We all know Robert Redford too well. We know that, after nearly 50 years on the big screen, Redford the man is not an investigative journalist, a gadabout sidekick or a dark-horse power hitter. He is, however, a mildly eccentric and reclusive celebrity, one who might very well undertake a solo sailing trip around the world. As the only actor in All Is Lost
, he does just that. Then, wood cracks and water rushes in. A shipping container has punched a hole in the hull, destroying the GPS and radio. He does his best to patch the hole, but it’s Redford vs. the world from here on out. The autobiographical parallels are striking, which is perhaps the reason Redford is out of the director’s chair and working with newbie J.C. Chandor, who became a rising star after 2011’s Margin Call
. That movie thrilled with 24 hours inside an investment firm’s meltdown; All Is Lost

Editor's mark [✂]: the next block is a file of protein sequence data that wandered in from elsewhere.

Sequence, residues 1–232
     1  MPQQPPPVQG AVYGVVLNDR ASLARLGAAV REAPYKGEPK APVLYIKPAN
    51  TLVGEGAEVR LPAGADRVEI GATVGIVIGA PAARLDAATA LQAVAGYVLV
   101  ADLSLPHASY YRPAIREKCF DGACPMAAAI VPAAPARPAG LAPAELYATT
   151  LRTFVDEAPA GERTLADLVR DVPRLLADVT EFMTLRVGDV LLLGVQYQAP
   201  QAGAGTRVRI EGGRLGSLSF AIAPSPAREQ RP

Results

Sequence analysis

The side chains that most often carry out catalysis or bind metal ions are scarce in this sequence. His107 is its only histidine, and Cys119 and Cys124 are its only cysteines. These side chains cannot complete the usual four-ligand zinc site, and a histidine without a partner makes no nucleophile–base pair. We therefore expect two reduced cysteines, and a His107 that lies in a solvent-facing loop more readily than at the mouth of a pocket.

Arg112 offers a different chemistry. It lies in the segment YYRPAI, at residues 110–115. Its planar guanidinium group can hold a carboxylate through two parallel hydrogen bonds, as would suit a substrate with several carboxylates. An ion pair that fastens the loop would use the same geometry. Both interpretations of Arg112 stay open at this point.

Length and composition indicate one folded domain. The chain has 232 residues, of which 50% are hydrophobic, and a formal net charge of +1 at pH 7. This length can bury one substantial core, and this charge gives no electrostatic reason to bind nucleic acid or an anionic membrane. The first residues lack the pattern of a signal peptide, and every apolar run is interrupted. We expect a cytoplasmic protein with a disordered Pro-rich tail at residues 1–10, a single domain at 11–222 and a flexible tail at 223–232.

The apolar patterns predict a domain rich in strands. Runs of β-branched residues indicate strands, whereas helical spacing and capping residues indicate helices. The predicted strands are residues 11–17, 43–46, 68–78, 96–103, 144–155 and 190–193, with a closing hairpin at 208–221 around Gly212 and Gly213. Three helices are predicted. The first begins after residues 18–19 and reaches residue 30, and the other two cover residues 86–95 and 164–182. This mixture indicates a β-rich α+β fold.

does the same with much less. As the storm worsens, though, so do the special effects. The heavy rain is obviously hose-powered and green-screened. But All Is Lost
quickly regains its tension, and it intrigues both as a cinematic experiment and as a vehicle for Redford’s naturalistic acting. Critics who have seen the film as an allegory for capitalism ignore the story’s deep simplicity: That’s a shipping container crashing into Redford’s yacht, not some thinly veiled symbol of consumerism. This is one man, alone, facing death. Redford is playing himself, and he’s not playing around.